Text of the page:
Portsmouth murder victim fined £200 for not having TV licence - four months after her death

A TV Licence
A TV Licence

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  • Magistrates fined murder victim £200 for having no TV licence
  • Christina Jewell had already been dead for four months when case was ‘proved in absence’
  • Detectives launched a murder probe following discovery of 53-year-old’s body in Somers Town in April
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MURDER victim Christina Jewell has been fined £200 for not having a TV licence – four months after her death.

Detectives launched a major investigation when the 53-year-old was found dead in her flat at Handsworth House in Quinton Close, Somers Town, on April 4.

But four months to the day of her death, magistrates in Fareham fined her for using a colour TV without a licence.

The blunder has come to light as a man arrested on suspicion of her murder and theft was released with no further action.

Former neighbours have paid tribute to Mrs Jewell but spoke of their bewilderment at the posthumous fine for the woman who died at the age of 53.

Roxanne Chappell, 31, who lived near Mrs Jewell, said: ‘It’s horrible to fine someone for not having a TV licence after they’ve died.

‘What a weird thing for TV Licensing to do – it’s really creepy.’

She added her former neighbour ‘kept herself to herself’ and was generally quiet.

Another neighbour, a 36-year-old woman, who did not want to be named, added: ‘She’s already dead, how did they fine her if she’s dead?’

She added: ‘She was a bit of a loner, she always kept herself to herself.’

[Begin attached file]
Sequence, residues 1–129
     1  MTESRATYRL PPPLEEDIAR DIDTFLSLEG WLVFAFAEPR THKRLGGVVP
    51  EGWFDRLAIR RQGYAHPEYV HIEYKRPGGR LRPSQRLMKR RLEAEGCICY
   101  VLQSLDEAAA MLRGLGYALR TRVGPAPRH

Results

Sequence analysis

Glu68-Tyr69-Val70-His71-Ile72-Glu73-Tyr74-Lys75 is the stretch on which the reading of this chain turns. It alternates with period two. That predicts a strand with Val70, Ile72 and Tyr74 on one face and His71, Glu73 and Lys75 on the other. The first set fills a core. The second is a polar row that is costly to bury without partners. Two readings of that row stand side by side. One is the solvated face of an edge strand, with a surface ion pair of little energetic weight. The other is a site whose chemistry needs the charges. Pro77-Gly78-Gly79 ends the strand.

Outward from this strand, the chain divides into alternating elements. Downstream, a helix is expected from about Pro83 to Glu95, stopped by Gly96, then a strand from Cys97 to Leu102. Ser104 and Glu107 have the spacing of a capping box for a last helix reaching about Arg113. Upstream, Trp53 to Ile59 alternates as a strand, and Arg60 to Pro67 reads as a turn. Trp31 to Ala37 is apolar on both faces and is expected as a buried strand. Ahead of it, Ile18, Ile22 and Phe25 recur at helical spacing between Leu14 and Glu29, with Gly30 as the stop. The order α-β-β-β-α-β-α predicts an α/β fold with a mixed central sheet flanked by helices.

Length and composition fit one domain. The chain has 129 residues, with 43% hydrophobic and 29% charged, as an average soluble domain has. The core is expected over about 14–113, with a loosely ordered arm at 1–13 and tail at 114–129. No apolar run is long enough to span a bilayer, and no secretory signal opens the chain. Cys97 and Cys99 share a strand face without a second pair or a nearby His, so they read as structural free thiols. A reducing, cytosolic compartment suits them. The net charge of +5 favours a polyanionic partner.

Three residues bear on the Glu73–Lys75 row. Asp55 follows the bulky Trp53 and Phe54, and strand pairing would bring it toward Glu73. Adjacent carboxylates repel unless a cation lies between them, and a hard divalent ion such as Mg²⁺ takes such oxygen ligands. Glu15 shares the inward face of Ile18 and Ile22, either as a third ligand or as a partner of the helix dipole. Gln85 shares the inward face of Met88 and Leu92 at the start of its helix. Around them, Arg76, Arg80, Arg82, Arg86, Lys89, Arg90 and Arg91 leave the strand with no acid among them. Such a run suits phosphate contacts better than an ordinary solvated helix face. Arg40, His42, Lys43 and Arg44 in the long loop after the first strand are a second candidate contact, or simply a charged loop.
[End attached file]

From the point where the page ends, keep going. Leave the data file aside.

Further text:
A man, 76, who lived nearby added: ‘She was a vulnerable type of woman. It was just her demeanour.’

A spokeswoman for HM Courts and Tribunals Service, said Fareham Magistrates’ Court had still not been informed of the death by TV Licensing.

But a spokesman for TV Licensing, which prosecutes in criminal courts for not having a licence, said it was a unique set of circumstances and its prosecutions are up to Crown Prosecution Service standards.

He said: ‘When prosecution was initiated prior to Miss Jewell’s unforeseen and tragic death, the matter passed into the hands of the court.

‘The court would have withdrawn the case had it been aware of Mrs Jewell’s death, as would TV Licensing had we been notified.

‘TV Licensing makes every effort to ensure accurate details are provided to the court.’

A worker from the licensing body had visited Mrs Jewell in February and taken a statement from her.

It comes at a time when the Justice Secretary Michael Gove has called for non-payment of TV licences to be decriminalised due to the pressure it puts on courts.

Cases are normally dealt with in bulk as very few people turn up to court to defend themselves.

Mrs Jewell was ordered to pay a £200 fine for not having a colour licence on February 26, a £20 victim surcharge and £120 costs by chairman of the magistrates Christopher Hyson, who was sitting with two other justices.

A provisional inquest date for Mrs Jewell’s death has been set for December 2.

Hampshire Constabulary said a 55-year-old man from Southsea initially arrested over the death had been released with no further action. Detectives are not looking for anyone else.

The death remains classified as murder but has now been handed to the coroner.